python 3's adoption


X

Xah Lee

Some thoughts about Python 3 Adoption.

Xah Lee, 2010-01-26

Some notes of Wikipedia readings related to Python.

Unladen Swallow, a new project from Google. It is a new python
compiler with the goal of 5 times faster than the de facto standand
implementation CPython. Also note Stackless Python, which is already
been used in some major commercial projects.

Was looking into what's new in Python 3. See: http://docs.python.org/dev/3.0/whatsnew/3.0.html.
From a quick reading, i don't really like it. Here's some highlights:

* Print is now a function. Great, much improvement.
* Many functions that return lists now returns “Views†or
“Iterators†Instead. A fucking **** all fucked up shit. A extraneous
“oop engineering†complication. (See: Lambda in Python 3000)
* The cmp() function used in sort is basically gone, users are now
supposed to use the “key†parameter instead. This is a flying-face-
**** to computer science. This would be the most serious fuckup in
python 3. (See: Sorting in Python and Perl)
* Integers by default is long. Great!
* Much more integrated unicode support, rewrite of most its text
or string semantics. Fantastic. Finally.

Am looking because i wonder if i should switch to python 3 for my own
few scripts, and rewrite my Python Tutorial for version 3. Am also
interested to know how python 3 is received by the computing industry.
Apparantly, a little search on the web indicates that vast majority of
python base have not switched, as expected, for many good reasons.
Vast majority of major python modules and tools have not switched.
Most linux distro have not switched, i don't find any large
corporation having adopted Python 3 (Google, Yahoo, Facebook,
NASA,... ). (sources: Source, Source) Basically, such a incompatible
change with trivial, ideological improvements, is too costy to switch.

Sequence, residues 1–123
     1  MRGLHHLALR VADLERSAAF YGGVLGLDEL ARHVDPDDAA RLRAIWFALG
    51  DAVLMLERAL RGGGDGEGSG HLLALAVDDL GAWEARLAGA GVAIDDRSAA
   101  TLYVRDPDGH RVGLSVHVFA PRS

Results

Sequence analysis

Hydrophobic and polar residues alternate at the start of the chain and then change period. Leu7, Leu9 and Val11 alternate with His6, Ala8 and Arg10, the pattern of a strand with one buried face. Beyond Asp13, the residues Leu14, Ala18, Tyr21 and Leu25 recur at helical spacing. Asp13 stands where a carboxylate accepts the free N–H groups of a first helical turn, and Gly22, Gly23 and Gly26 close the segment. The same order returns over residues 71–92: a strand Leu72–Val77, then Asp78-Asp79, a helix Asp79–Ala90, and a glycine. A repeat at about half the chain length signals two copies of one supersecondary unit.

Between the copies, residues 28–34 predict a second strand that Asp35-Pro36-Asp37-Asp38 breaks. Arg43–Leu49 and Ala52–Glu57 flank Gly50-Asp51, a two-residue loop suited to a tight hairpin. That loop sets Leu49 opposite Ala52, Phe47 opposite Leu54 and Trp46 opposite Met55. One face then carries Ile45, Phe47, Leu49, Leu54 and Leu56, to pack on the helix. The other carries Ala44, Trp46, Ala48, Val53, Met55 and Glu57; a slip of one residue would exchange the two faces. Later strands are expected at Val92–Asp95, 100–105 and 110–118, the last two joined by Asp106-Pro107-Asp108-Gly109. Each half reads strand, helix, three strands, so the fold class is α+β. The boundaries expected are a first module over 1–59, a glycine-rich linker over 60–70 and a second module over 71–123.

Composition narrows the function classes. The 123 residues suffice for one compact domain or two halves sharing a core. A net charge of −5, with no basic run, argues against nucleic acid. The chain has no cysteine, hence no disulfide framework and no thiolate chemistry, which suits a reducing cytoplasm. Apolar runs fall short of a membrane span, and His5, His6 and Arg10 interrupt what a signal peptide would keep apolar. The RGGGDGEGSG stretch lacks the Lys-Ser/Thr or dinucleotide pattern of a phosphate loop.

I wonder, if by 2015, will most large corporate users have switched to
python 3. I give it a maybe. In today's Proliferation of Computing
Languages, such a major antic by Guido can just hurt itself. What is
he thinking? He of course thought himself as a god of lang designer,
who sincerely wants to push towards perfection, all future-looking.
Unfortunately, the tens of other major language designers all think
similarly.

perm archive of this post with possible updates here:
http://xahlee.org/comp/python3.html

Any comment on this?

Xah
∑ http://xahlee.org/

☄
 
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A

Alf P. Steinbach

I'm responding to the original message by Xah Lee, which is not carried by my
Usenet provider.

* Alan Harris-Reid:
Actually not, IMHO. All it does is is to provide incompatibility. They forgot
Ronald Reagan's old maxim: if it don't need fixin', don't fix it.


On the contrary, this is a great improvement. It makes no sense to have to write
more code and less readable code for the common efficient case. And the default,
the way that takes 0.5 seconds less to do, does have a great influence on what
people choose, even in elections (Obama's latest "opt out" proposal is an
example that this principle is recognized even by the President of the United
States). When you want an explicit collection such as a 'list', introducing some
overhead for presumably a good reason, it's as easy as e.g. 'list(range(42))'.


I agree. :)

Probably there must have been some rationale, but to put it bluntly removing the
comparator is more like moronic than pythonic. If the rationale was efficiency,
then a rational solution could be to provide two sort methods, like 'sort' using
direct comparisions and 'custom_sort' using a specified comparator. Come to
think of it, that door is still open, except for the language spec freeze.

It's possible to work around the removal of 'cmp' in various kludgy ways, but
you shouldn't have to "work around" a library sort routine.


Yes, totally agree.

Nothing confuses the newbie or the now-and-then programmer so much as limited
range integers.